by Lois Elfman
The Institute for Women’s Policy Research (IWPR) has released a guide detailing how to forge much-needed collaborations with Head Start.
As a follow-up to last year’s report “Head Start-College Partnerships as a Strategy for Promoting Family Economic Success: A Study of Benefits, Challenges, and Promising Programs,” IWPR has released a guide outlining how to evaluate the benefits a Head Start program brings to a campus and how to initiate such collaborations.
“We felt partnerships between these two systems can serve a lot of different priorities and can bring benefits to both Head Start programs, to higher education institutions and most importantly to families,” said IWPR study director Lindsey Reichlin Cruse. “The resource we developed is an attempt to help colleges think through, ‘What do we need? What do families need who are enrolled on our campus? How might collaboration with local Head Start providers help meet some of those needs?’”
The step-by-step guide, “Head Start-College Partnership to Promote Student Parent Family Success: A Roadmap to Guide Collaboration,” noted that access to affordable, quality childcare and learning opportunities is essential for student parents as they pursue college to improve their life opportunities. Approximately 1.8 million student parents with children under the age of six are income eligible for Head Start, a federally funded program that provides comprehensive early childhood education, health, nutrition and parent services to low income families.
Reichlin Cruse said institutions need direction on how to start conversations with Head Start providers. Last year’s report documented the presence of Head Start partnerships around the country and evaluated the rewards and challenges of such collaborations.
“We were able to use that information in providing keys for success and things to avoid to put this guide together,” Reichlin Cruse said. “We took a lot of the lessons that were shared with us from partnership leaders and staff as well as lessons that we gleaned from their origin stories. We asked a lot of questions about how they started and how they’ve managed that partnership over time.”
IWPR asserted that Head Start can be a crucial component in persistence and completion for student parents, whether it’s peace of mind, quality services, access to healthcare or wrap around supports.
“There is an increasing emphasis on equity in college outcomes for low income students, for first-generation students, for students of color. Student parents intersect with each of those groups,” said Reichlin Cruse. “The more institutions can find cost effective, collaborative, innovative ways to help students work through and overcome some of these road blocks, the better their outcomes are going to look and the more progress they’re going to make toward the priorities they’ve set. Head Start is well positioned to serve this population.”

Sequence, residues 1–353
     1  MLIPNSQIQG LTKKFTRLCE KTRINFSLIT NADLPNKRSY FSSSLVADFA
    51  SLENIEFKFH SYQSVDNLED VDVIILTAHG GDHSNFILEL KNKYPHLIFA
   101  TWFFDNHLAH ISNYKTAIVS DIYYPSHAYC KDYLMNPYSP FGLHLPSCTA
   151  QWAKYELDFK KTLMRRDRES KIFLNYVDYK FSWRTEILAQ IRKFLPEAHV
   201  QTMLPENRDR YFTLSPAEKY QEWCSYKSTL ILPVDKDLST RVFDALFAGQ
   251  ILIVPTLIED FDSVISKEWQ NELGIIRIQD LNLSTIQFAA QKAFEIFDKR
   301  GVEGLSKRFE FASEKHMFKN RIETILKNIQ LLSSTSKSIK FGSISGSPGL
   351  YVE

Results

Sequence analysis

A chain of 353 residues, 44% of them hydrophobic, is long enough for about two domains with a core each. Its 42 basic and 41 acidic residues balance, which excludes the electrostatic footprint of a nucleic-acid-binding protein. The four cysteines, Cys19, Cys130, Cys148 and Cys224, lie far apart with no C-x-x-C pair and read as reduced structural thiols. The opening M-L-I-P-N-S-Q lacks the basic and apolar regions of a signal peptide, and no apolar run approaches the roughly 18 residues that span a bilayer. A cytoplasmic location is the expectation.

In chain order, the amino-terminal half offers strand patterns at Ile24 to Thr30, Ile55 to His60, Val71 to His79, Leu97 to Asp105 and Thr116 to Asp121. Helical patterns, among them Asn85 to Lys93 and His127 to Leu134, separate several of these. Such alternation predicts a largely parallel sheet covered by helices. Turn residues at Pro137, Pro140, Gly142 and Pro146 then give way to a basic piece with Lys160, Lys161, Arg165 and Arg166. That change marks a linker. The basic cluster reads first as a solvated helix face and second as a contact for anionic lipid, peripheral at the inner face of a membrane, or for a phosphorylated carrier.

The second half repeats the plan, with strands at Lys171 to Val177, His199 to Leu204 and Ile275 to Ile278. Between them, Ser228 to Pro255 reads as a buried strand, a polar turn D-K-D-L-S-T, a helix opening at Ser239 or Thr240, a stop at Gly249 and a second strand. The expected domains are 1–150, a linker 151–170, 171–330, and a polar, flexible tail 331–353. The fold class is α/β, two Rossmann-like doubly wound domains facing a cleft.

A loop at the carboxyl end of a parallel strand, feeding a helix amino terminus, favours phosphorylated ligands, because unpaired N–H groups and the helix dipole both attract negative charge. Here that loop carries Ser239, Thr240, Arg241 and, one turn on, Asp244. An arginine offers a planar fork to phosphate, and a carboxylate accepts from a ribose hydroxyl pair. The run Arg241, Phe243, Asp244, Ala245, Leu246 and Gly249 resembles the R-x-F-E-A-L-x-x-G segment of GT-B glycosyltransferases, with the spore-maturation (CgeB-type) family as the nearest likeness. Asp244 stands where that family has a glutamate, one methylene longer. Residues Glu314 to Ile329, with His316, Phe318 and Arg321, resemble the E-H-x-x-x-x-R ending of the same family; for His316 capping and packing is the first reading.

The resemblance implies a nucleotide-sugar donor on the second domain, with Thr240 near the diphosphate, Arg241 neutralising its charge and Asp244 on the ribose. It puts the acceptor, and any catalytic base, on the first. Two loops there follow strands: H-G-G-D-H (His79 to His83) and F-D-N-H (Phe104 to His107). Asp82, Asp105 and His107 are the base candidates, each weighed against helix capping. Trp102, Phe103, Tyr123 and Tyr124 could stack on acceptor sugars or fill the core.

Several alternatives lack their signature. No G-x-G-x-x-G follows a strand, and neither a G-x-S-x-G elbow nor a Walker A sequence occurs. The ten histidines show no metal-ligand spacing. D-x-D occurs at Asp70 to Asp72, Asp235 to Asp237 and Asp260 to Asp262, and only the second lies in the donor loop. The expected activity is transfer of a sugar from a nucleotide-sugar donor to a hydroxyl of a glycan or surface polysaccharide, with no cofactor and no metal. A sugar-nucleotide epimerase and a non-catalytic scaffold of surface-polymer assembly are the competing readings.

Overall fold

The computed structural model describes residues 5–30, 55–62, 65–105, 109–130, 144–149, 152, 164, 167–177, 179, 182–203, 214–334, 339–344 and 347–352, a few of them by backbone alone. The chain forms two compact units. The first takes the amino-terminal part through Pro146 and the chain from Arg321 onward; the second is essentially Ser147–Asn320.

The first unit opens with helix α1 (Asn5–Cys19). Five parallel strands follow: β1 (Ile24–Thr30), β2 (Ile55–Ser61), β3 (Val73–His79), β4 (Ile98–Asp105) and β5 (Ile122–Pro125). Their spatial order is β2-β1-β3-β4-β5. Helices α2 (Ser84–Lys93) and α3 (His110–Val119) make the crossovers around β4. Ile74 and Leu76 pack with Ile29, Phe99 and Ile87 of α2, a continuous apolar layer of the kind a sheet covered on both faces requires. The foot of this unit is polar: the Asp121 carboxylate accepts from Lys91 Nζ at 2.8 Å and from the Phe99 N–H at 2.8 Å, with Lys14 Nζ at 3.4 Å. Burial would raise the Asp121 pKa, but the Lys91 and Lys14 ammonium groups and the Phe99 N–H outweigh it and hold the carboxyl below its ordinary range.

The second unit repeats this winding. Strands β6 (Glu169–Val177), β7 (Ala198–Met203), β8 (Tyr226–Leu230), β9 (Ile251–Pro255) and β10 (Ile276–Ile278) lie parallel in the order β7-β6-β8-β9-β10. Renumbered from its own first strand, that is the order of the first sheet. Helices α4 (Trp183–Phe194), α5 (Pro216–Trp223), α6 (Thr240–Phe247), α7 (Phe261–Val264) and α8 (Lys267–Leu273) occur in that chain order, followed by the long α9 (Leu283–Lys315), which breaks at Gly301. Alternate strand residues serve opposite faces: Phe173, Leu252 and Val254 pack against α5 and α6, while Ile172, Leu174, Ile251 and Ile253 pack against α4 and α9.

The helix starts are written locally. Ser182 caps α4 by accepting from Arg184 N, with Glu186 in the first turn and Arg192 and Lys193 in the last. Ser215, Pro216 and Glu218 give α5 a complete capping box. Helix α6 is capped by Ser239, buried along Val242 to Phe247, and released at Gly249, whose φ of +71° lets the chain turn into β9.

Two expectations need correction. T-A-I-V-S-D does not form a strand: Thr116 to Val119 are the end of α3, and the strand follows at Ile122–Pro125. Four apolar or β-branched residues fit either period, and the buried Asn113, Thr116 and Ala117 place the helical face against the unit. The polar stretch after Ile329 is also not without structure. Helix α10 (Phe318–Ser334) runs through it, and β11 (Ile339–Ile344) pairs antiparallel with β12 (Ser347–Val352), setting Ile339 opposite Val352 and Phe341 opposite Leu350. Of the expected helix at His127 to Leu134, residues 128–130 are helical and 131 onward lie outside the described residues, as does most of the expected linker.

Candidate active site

The guide notes there are presently around 60 partnerships between colleges and universities and Head Start programs. For institutions desirous of exploring a new partnership, the guide suggests analyzing data on student parents’ needs, financial status and other barriers to completion they may be facing, such as housing and food insecurity. Data sources such the Free Application for Federal Student Aid and a campus childcare center roster and waitlist should be consulted. Disaggregated data can build the case and the guide suggests sharing it with key stakeholders.
Reichlin Cruse said there are some erroneous assumptions made both by institutions and by Head Start programs. “These are complex, bureaucratic systems with separate funding sources,” she explained. “You can understand why it can be hard to think about how to merge such large systems.”
The model is not going to work in every community, Reichlin Cruse said, and IWPR is not saying such a partnership will work for every college or university. Thus, the guide points out means of analyzing situations, such as conducting student surveys and focus groups, utilizing institutionalized data collection and reviewing Head Start data that shows college students benefitting from the services.
“In places where they can find areas of mutual gain and cooperation, I think it’s absolutely worth pursuing because I think families will really benefit in the end,” Reichlin Cruse said.
The guide provides some resources for institutions to find Head Start partnerships within their states, such as Head Start regional offices and the National Coalition of Campus Children’s Centers. Once information has been amassed, start building bridges between institutions and Head Start. The guide also offers steps to take for a successful collaboration, including consistent communication, campus buy-in and flexibility.
Budget cuts due to COVID-19 are steep on many campuses and have impacted existing campus childcare services. That makes it more essential to build community partnerships to serve student parents, said Reichlin Cruse. Head Start is well resourced to provide emergency services and services to families in crisis. While Head Start may be impacted moving forward, she sees it as more sustainable than campus childcare programs.
Reichlin Cruse said IWPR received feedback on the guide before releasing it, and they are now seeking more input before releasing a revised version. A final version will be released in spring 2021. That will incorporate feedback from program leaders and other early learning and higher education experts.